A group of United Nations human rights experts called Monday for Ethiopia to allow an international inquiry into the country’s detentions and violence against peaceful demonstrators.
The U.N. appeal – for the second time this year – urged Ethiopian authorities, who placed the nation under a state of emergency over the weekend, to end the repressive crackdown on its citizens.
“We are outraged at the alarming allegations of mass killings, thousands of injuries, tens of thousands of arrests and hundreds of enforced disappearances,” said Maina Kiai, a Kenyan lawyer who serves as the UN Special Rapporteur on freedom of peaceful assembly and of association. “We are also extremely concerned by numerous reports that those arrested had faced torture and ill-treatment in military detention centres.”
In the statement, issued jointly with other UN human rights officials, Kiai noted that the deaths at last weekend’s Irreecha festival continue the pattern of “a calculated campaign to eliminate opposition movements and silence dissenting voices,” one that relies on Ethiopia’s own counterterrorism provisions to restrict human rights among citizen activists. Ethiopia said Monday that foreign nations are behind the protests.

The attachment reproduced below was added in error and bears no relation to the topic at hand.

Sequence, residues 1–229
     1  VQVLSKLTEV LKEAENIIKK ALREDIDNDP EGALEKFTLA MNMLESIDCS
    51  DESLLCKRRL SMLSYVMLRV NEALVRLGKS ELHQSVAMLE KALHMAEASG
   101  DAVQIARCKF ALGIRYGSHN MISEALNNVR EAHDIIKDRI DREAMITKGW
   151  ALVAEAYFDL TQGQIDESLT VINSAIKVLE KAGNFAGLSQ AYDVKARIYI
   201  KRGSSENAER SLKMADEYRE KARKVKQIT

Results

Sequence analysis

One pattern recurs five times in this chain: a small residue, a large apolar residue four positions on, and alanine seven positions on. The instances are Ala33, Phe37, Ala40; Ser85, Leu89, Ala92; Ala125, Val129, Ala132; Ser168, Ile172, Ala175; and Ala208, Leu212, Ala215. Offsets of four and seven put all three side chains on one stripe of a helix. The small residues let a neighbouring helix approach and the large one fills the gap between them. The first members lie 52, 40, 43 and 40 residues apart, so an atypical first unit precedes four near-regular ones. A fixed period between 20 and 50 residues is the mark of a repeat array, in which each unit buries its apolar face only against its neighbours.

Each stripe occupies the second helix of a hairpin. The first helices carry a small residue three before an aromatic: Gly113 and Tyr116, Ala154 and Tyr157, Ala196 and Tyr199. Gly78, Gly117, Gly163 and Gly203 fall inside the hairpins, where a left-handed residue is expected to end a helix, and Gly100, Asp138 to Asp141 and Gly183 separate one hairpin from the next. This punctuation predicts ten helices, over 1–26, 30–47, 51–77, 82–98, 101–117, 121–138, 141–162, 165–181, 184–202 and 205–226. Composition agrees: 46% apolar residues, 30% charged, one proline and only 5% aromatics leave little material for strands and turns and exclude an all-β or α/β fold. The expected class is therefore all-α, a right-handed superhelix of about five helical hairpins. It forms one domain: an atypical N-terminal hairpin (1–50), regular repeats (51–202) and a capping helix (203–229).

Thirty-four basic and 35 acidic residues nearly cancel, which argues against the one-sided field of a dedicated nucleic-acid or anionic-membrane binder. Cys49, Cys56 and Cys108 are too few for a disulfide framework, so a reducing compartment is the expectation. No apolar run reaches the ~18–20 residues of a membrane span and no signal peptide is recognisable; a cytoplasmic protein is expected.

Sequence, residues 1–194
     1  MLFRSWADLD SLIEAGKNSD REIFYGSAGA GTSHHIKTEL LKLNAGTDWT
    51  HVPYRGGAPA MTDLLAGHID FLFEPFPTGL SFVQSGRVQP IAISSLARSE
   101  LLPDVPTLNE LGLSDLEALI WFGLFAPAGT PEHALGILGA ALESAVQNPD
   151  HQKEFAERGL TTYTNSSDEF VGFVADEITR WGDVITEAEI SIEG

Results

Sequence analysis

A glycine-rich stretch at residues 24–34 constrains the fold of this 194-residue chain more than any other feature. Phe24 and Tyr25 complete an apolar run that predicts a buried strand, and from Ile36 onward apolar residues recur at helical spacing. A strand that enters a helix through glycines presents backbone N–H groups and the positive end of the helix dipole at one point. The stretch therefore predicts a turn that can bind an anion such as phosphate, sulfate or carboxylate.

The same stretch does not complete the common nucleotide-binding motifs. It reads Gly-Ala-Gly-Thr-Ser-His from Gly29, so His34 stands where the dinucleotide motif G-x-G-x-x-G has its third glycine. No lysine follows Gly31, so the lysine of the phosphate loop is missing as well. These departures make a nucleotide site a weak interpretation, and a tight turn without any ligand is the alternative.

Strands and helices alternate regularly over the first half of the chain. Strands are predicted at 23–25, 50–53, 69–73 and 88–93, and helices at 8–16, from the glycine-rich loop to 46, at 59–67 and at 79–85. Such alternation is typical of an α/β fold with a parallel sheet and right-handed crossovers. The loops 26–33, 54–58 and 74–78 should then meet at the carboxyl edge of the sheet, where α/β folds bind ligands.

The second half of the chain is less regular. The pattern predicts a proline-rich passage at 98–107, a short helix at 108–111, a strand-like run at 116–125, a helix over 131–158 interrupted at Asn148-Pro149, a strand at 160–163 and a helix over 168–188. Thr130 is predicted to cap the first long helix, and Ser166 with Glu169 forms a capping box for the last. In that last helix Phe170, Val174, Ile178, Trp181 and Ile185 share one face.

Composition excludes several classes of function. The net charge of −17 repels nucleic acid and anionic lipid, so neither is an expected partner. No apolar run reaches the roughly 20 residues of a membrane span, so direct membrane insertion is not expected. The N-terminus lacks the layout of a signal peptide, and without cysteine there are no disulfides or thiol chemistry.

Ethiopian Prime Minister Hailemariam Desalegn told the nation Sunday that a state of emergency will remain in force for the next six months. It’s the first time the measure has been used in the past 25 years, and followed an emergency Council of Ministers decision to use the country’s constitutional provision in response to stop the escalating violence and unrest in the Oromia region.
Roads around Addis Ababa are blocked, and mobile data and much of the Internet access is shut down, activists report.
The UN appeal and state of emergency come as German Chancellor Angela Merkel heads to the capital, completing a brief tour of African nations for talks on security and migration. Ethiopian activists and rights organizations, including Human Rights Watch, have asked Merkel to stress the need for democratic reforms.
Image: Maina Kiai, United Nations